Saturday, March 16, 2013

Reality TV and Bocce Ball

A couple of things moved my brain today.  The first occurred while I was in the middle of my 3-mile power walk – hey, I’ve lost 14 pounds so far.  Anyway, while walking past our local neighborhood park I noticed something different.  Next to the tennis courts are two bocce ball courts.  In the seven plus years that I’ve lived here I’ve never seen anyone playing bocce ball and for that matter, I’ve only seen bocce ball being played in person once before in Grapevine, Texas by some great grandfatherly Italians.  Today I witnessed not only a few, but a whole club playing competitive bocce.   A couple of the players came over and told me they meet every Friday morning.  I was stunned.  I had always wondered why they had bocce ball courts at this park.  In my opinion it was similar to having a shuffle ball court or croquet field…who knew there were bocce ball aficionados around here.  Maybe I should take up bocce – is it the next big craze.

Well, I doubt that Mark Burnett is developing a TV show around bocce ball, but the other thing swirling around my head is reality television.  I was listening to an interview on Marketplace the other day where they were discussing advertising in this new fragmented audience era.   The expert compared the number of people watching network TV in 1971 with today and it is staggering that a hit show on an average night back then was more than all the combined TV broadcast networks today…on a very good night.  With the internet giving us so much freedom to watch whatever we want at anytime it’s no wonder that broadcasting and the advertising that supports it are in deep trouble.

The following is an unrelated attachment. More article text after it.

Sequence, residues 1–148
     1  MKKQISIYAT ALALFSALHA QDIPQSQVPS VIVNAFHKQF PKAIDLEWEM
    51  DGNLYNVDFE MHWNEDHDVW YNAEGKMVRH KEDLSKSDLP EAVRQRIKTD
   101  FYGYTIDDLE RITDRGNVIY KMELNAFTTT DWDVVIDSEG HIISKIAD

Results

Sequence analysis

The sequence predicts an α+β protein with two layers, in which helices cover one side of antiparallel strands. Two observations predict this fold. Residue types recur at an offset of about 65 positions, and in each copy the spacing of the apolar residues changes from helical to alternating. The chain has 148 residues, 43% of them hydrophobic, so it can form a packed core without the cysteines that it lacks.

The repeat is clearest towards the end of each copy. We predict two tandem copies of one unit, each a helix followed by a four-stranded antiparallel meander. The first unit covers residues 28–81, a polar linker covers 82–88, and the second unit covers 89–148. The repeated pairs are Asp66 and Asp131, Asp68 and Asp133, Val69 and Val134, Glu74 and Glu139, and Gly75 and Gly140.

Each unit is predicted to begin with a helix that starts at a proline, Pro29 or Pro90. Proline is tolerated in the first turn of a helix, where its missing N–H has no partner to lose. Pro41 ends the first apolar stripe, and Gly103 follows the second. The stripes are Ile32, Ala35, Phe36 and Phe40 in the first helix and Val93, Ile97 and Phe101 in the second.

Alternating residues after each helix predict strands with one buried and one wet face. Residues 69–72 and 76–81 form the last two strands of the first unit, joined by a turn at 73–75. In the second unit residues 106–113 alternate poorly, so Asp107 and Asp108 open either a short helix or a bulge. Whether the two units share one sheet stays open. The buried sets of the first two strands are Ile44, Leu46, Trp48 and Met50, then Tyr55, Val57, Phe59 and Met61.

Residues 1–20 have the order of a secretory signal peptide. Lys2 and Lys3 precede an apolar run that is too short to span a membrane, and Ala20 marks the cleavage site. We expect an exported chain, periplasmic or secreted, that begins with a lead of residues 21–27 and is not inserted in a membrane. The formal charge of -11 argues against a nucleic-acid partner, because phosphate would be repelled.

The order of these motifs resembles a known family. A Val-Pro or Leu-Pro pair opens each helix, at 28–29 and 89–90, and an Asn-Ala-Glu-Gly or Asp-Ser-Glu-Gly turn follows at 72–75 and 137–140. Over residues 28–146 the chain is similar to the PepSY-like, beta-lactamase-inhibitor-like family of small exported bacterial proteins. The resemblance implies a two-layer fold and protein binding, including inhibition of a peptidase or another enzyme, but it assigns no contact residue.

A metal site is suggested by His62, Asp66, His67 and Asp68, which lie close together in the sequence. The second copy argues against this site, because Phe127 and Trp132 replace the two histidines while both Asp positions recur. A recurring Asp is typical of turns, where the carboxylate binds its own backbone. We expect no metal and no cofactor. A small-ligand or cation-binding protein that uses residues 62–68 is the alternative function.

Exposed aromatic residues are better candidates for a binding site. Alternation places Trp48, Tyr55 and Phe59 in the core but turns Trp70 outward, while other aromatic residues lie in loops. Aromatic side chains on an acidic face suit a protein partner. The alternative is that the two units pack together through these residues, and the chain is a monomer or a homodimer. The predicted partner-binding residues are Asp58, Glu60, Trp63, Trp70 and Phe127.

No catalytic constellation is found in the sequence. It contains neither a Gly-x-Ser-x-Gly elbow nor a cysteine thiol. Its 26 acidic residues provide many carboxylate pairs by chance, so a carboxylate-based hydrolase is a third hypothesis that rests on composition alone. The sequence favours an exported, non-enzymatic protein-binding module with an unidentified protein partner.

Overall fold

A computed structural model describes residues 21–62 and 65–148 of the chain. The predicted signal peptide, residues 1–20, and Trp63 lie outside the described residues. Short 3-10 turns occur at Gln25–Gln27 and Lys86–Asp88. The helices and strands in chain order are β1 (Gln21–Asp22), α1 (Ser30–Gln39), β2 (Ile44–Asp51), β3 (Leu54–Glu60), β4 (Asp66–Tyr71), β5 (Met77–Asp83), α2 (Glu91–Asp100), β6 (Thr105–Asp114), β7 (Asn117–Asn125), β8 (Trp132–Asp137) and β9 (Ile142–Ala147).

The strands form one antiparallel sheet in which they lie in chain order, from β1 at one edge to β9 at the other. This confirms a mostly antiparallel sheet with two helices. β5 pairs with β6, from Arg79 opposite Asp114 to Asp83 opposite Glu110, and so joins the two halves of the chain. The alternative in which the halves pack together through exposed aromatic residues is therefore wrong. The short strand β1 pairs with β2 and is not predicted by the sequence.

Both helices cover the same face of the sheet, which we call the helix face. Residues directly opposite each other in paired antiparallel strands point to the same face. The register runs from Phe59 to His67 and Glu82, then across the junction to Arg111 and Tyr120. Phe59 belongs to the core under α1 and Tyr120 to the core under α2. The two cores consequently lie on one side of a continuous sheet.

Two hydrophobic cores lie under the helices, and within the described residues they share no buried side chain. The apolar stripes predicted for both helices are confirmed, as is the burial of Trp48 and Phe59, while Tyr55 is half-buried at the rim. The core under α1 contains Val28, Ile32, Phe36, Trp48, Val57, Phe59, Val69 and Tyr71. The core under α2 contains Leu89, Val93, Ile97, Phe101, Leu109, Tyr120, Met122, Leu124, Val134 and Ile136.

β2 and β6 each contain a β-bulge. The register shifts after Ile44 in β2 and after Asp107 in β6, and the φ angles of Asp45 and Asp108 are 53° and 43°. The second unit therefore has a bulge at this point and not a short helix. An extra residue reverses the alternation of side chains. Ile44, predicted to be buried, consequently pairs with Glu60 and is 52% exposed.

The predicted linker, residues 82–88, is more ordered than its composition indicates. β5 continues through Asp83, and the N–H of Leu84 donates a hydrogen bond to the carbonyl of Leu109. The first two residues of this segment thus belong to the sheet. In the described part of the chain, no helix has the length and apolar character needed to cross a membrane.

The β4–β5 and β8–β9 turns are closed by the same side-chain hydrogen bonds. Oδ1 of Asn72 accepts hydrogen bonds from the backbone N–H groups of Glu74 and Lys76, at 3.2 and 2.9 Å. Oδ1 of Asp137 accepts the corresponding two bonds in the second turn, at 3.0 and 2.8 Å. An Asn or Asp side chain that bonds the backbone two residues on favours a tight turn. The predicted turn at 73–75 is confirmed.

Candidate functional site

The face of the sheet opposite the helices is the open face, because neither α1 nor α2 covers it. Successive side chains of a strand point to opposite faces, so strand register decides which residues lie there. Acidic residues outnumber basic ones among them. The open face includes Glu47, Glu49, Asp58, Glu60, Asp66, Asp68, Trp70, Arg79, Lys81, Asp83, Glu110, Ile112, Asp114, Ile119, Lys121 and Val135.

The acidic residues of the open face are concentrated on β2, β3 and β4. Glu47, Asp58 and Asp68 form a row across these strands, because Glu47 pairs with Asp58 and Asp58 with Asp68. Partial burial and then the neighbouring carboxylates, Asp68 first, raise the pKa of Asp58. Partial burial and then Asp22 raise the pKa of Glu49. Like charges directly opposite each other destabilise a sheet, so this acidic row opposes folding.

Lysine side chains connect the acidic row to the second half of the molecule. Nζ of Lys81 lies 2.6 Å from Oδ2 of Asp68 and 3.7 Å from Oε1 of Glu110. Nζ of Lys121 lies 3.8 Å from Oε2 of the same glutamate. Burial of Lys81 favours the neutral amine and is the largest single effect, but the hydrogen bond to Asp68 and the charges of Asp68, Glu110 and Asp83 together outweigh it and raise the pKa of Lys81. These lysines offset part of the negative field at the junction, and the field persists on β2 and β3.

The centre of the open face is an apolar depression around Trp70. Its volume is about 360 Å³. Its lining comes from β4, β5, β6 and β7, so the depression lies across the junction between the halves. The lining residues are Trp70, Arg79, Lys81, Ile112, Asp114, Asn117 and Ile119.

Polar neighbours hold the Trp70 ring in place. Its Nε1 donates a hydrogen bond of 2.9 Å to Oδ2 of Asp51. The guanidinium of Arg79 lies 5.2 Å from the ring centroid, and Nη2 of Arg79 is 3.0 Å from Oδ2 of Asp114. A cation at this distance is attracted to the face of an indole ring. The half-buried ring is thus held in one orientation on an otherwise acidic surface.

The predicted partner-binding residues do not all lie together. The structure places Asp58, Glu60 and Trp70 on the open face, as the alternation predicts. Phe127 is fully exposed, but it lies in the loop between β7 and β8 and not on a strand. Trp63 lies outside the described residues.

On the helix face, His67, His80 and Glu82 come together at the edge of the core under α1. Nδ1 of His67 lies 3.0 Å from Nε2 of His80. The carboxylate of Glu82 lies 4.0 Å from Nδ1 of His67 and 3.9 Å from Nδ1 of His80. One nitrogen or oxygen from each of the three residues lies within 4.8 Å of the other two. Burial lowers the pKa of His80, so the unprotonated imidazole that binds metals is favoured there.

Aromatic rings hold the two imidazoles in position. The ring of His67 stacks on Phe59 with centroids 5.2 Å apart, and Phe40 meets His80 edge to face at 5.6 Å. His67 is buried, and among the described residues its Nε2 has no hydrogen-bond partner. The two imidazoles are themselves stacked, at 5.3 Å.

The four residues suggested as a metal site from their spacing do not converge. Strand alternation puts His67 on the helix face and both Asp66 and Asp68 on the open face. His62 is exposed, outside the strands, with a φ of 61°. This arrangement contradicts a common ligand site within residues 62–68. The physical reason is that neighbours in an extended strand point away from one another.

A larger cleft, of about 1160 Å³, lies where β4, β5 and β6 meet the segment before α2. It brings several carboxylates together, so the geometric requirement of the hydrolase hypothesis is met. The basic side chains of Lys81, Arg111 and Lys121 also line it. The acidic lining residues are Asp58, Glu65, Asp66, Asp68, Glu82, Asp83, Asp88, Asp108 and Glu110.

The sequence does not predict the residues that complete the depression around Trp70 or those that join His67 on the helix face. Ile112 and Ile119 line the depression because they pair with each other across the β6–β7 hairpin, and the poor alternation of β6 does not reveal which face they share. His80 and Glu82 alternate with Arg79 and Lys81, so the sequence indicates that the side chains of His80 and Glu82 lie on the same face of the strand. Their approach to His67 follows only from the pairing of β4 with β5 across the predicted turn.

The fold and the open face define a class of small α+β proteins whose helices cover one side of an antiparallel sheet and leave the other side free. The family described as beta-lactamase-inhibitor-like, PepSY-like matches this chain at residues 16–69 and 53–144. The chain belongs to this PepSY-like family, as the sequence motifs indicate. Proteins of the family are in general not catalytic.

That’s why network executives are going to reality TV more and more, and especially live competitive shows where people want to watch as it’s happening so they don’t accidentally find out results before they watch the show while viewing the web or be able to join the social media conversation, posting comments on social media during the live show – hence the new instant digital water cooler.  This means they are also more likely to view the commercials that run during the live telecast.

Myself, I’m not that big a fan of reality TV, but tend to choose competitive shows over any of the other genres.  I just don’t understand why anyone would care to watch the antics of housewives, teen moms, bearded duck hunters or especially superficial 20-somethings from New Jersey (I’m from Jersey myself so I know).   My favorite reality show is The Amazing Race, not only because I have a love for travel, geography and seeing people sleep in airports, but because I would really love to run the race myself. (I applied many years ago to go on with my mother-in-law) I think the show is popular because it’s one of the only reality shows where almost anyone can feel like they could be a contestant – not just a show for chefs, fashion designers, models, overweight folks or those who look good in a bathing suit while back stabbing and not bathing for weeks.  Almost anyone likes to be a tourist and see the world or at least Disneyland.  Dancing with The Stars also is popular for the same reason because a lot of people THINK they can ballroom dance or would like to learn or have fantasies of being Fred Astaire, only if they would get their ass off the couch.